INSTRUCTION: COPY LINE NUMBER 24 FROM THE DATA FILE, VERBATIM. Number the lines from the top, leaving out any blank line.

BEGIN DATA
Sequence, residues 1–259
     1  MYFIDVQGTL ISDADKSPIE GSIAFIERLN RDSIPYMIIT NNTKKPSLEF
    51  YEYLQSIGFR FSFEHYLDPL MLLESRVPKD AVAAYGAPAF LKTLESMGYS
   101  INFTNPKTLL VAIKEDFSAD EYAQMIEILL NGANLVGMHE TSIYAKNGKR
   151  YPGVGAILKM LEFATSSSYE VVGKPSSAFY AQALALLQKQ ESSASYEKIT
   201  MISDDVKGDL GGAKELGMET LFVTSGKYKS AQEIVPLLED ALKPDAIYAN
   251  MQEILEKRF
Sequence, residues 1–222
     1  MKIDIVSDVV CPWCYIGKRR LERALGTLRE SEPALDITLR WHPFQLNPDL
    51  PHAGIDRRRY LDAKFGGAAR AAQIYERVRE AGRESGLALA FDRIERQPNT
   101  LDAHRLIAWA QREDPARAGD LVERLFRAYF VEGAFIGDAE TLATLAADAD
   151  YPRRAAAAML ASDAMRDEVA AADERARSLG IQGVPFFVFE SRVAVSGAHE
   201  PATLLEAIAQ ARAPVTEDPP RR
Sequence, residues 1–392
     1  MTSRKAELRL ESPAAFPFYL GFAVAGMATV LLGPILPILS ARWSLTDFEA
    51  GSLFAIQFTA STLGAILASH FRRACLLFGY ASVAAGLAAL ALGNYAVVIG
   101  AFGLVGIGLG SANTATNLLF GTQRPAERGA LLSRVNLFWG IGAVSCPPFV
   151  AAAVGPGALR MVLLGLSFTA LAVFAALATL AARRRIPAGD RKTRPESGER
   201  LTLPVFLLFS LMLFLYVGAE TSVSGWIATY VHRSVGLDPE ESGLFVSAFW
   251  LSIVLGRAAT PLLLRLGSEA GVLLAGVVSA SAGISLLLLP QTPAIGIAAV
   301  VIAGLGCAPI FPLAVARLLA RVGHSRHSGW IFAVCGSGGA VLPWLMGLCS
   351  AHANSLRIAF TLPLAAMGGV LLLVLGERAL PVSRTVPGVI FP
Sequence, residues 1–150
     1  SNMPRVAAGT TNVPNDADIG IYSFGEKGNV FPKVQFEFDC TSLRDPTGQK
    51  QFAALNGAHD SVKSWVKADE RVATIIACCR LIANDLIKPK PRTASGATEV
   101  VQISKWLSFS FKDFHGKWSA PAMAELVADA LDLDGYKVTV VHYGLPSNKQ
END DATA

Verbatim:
     1  SNMPRVAAGT TNVPNDADIG IYSFGEKGNV FPKVQFEFDC TSLRDPTGQK